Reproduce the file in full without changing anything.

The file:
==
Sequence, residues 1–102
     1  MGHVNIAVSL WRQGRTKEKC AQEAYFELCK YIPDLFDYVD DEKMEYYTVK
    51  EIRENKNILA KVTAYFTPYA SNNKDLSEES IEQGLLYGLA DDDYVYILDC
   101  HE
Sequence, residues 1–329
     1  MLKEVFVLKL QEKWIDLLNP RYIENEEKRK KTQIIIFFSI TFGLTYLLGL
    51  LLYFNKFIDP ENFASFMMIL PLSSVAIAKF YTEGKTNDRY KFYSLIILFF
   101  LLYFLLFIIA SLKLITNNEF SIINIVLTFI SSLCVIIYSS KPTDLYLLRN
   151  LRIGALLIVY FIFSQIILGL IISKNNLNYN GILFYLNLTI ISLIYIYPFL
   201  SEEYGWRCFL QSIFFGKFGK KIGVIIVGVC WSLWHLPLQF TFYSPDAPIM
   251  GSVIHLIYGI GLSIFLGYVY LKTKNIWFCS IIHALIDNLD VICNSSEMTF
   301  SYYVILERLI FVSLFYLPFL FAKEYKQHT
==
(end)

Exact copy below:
Sequence, residues 1–102
     1  MGHVNIAVSL WRQGRTKEKC AQEAYFELCK YIPDLFDYVD DEKMEYYTVK
    51  EIRENKNILA KVTAYFTPYA SNNKDLSEES IEQGLLYGLA DDDYVYILDC
   101  HE
Sequence, residues 1–329
     1  MLKEVFVLKL QEKWIDLLNP RYIENEEKRK KTQIIIFFSI TFGLTYLLGL
    51  LLYFNKFIDP ENFASFMMIL PLSSVAIAKF YTEGKTNDRY KFYSLIILFF
   101  LLYFLLFIIA SLKLITNNEF SIINIVLTFI SSLCVIIYSS KPTDLYLLRN
   151  LRIGALLIVY FIFSQIILGL IISKNNLNYN GILFYLNLTI ISLIYIYPFL
   201  SEEYGWRCFL QSIFFGKFGK KIGVIIVGVC WSLWHLPLQF TFYSPDAPIM
   251  GSVIHLIYGI GLSIFLGYVY LKTKNIWFCS IIHALIDNLD VICNSSEMTF
   301  SYYVILERLI FVSLFYLPFL FAKEYKQHT